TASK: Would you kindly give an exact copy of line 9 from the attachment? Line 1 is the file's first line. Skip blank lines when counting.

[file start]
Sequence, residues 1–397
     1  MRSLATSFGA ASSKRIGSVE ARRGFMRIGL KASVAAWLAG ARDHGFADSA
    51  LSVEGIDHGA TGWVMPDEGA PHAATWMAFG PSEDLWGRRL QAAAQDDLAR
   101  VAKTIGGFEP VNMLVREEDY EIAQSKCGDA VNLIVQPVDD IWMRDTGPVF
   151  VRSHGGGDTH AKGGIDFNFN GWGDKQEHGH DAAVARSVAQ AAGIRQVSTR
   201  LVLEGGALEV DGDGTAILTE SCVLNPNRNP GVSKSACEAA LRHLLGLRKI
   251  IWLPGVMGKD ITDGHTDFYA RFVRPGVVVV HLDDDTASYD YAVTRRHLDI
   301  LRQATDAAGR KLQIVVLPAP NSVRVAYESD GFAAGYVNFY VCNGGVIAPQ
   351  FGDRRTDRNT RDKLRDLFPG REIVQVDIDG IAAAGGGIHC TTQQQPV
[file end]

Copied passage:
   351  FGDRRTDRNT RDKLRDLFPG REIVQVDIDG IAAAGGGIHC TTQQQPV